Prelate reluctant to remain if thought a 'divisive figure'


BISHOP MURRAY RESPONSE:THE BISHOP of Limerick Donal Murray says he is not looking to save his position and does not wish to remain on if he is going to be a “divisive figure”.

In a statement issued yesterday, in response to comments made by Archbishop of Dublin Dr Diarmuid Martin, a spokesman for Bishop Murray said the Limerick Bishop had given a “thorough public response” after the publication of the Dublin diocesan report.

Speaking on RTÉ on Tuesday night, Archbishop Martin said he was writing to all auxiliary bishops named in the report as he is not satisfied with some of their responses so far. He said bishops shouldn’t look for support in their own diocese as the report refers specifically to the Archdiocese of Dublin.

A spokesman for Bishop Murray confirmed last night that the bishop had received a letter from Archbishop Martin yesterday.He also revealed that Bishop Murray texted Archbishop Martin a message of support last Sunday.

In his interview with RTÉ’s Prime Time, Archbishop Martin said he received phone calls from two of his fellow prelates since the publication of the Dublin report.

Bishop Murray’s spokesman said full consideration was being given to the opinions of all members of the public including those in the Dublin Archdiocese and particularly survivors of clerical child sex abuse during Bishop Murray’s time there as an auxiliary bishop.

“Bishop Murray is not looking to save his position; he has merely entered into a process of engagement with the people and priests of his diocese as to whether his ministry is a hindrance or help to the diocese,” said the spokesman.

In an interview published in the Limerick Leader, which called in an editorial for Bishop Murray’s resignation, the bishop insisted he was not involved in any cover up. Moreover, neither did he think the combination of cases he dealt with between 1982 and 1996 amount to an unforgivable pattern of negligence.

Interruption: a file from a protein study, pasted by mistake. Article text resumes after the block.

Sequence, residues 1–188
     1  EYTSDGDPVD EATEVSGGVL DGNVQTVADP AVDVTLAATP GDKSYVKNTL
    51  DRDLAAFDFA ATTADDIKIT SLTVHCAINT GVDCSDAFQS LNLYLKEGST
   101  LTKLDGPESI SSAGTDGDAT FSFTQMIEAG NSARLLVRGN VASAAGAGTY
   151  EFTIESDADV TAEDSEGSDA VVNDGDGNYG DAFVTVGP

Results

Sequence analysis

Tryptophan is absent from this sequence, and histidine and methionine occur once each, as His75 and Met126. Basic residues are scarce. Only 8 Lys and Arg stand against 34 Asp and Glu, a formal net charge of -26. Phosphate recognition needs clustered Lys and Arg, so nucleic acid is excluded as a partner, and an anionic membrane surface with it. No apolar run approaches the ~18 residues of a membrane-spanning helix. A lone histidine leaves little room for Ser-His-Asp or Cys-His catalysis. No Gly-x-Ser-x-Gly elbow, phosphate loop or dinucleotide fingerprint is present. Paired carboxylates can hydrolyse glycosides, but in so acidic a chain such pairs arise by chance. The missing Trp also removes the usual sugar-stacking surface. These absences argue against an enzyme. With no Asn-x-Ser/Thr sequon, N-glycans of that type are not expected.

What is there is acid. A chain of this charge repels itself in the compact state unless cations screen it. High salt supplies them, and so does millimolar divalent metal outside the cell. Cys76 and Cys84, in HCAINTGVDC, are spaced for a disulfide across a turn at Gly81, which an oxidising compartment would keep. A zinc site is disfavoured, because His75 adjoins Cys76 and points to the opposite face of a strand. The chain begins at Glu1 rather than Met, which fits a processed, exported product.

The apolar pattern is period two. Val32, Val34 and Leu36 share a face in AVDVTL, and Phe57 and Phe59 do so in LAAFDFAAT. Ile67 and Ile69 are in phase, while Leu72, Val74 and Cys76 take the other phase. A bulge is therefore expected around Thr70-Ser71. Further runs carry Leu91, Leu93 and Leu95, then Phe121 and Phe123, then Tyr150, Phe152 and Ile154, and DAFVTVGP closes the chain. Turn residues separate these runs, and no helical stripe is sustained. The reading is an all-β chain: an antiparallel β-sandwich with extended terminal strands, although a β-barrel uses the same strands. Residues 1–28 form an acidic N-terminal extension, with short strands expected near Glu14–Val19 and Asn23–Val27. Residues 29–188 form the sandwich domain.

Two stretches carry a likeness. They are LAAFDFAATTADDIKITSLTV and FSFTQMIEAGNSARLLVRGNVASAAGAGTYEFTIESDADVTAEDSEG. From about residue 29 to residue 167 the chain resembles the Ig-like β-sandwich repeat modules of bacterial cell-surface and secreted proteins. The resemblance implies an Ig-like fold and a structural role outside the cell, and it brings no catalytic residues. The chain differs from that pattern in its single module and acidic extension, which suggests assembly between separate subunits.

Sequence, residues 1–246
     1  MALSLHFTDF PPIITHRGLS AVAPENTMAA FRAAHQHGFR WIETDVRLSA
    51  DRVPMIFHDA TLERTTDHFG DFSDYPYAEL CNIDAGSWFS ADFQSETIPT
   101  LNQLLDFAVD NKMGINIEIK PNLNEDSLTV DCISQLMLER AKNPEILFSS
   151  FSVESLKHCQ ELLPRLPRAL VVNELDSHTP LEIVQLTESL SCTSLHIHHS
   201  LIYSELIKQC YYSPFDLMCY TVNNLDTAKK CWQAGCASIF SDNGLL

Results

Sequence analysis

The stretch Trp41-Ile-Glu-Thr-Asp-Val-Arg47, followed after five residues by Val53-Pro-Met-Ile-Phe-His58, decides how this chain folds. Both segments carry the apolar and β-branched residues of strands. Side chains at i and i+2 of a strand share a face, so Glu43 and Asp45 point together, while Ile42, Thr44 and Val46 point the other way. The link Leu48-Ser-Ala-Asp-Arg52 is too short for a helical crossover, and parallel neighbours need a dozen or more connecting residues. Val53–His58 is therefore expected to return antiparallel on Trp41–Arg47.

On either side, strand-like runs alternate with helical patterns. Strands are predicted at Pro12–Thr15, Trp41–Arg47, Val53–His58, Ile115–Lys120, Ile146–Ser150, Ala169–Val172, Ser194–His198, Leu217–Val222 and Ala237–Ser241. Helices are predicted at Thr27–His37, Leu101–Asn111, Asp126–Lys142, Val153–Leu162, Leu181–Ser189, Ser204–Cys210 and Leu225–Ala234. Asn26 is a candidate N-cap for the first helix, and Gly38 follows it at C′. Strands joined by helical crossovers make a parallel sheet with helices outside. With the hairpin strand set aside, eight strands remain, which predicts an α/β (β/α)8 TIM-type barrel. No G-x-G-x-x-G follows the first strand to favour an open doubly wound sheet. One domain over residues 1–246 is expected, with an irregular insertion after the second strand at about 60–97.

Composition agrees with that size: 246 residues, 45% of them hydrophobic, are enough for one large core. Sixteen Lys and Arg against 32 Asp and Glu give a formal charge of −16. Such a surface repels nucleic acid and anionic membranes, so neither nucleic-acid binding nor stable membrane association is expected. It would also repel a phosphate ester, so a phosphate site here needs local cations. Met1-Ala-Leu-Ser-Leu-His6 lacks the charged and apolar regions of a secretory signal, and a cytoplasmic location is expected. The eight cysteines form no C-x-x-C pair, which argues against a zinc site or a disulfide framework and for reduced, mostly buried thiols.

“There is nothing to be said in favour of covering up. Reading the report it would appear so . . . I’d like to hear their side of it but I can’t because most of them are dead,” Bishop Murray told the newspaper.

The most high-profile of Bishop Murray’s cases referred to in the report was that involving Fr Tom Naughton. The report found that the bishop did not deal properly with the suspicions and concerns that were expressed to him in relation to Fr Naughton.

When a short time later factual evidence of Fr Naughton’s abusing emerged in another parish, Bishop Murray’s failure to reinvestigate the earlier suspicions was inexcusable, the report noted.

In the interview with the Limerick Leader, Bishop Murray again emphasised that he had no specific allegation to work with in the case involving Fr Naughton. He said his conscience was clear that he was not involved in a cover-up and his failings resulted from “naivety and inexperience”.

Bishop Murray said the listening process he is engaged in with his parishioners as regards his future position in the diocese would take a couple of weeks but he could not say if he expects to say Mass in in St John’s Cathedral this Christmas Day.

“I have no urge to hold on to my job, I’m not here defending my good job. What I do want is whatever decision I make that the truth is heard . . .”

When asked by the newspaper if he agreed with his local supporters that he was being made a sacrificial lamb, Bishop Murray replied: “If that’s the case, fine. But I’m not going to stand up and fight for my job. If I was going to be a divisive figure here, I don’t want to stay.”